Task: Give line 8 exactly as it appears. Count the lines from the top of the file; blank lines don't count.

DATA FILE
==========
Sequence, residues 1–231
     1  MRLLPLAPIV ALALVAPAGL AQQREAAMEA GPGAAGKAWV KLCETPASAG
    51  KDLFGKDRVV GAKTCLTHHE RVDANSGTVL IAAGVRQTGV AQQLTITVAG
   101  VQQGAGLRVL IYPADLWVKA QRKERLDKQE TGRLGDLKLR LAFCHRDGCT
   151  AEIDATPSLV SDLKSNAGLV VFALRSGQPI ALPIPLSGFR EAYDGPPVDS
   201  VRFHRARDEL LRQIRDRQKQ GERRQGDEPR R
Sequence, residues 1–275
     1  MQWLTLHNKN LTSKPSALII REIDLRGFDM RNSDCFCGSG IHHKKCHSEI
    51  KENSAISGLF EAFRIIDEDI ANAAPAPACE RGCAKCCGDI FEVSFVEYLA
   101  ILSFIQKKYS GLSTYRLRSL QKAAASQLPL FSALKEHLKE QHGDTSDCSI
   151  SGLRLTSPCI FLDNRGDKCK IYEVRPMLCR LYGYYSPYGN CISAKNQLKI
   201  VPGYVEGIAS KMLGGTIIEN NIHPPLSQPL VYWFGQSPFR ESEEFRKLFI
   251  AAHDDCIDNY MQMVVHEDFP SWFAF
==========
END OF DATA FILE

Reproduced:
     1  MQWLTLHNKN LTSKPSALII REIDLRGFDM RNSDCFCGSG IHHKKCHSEI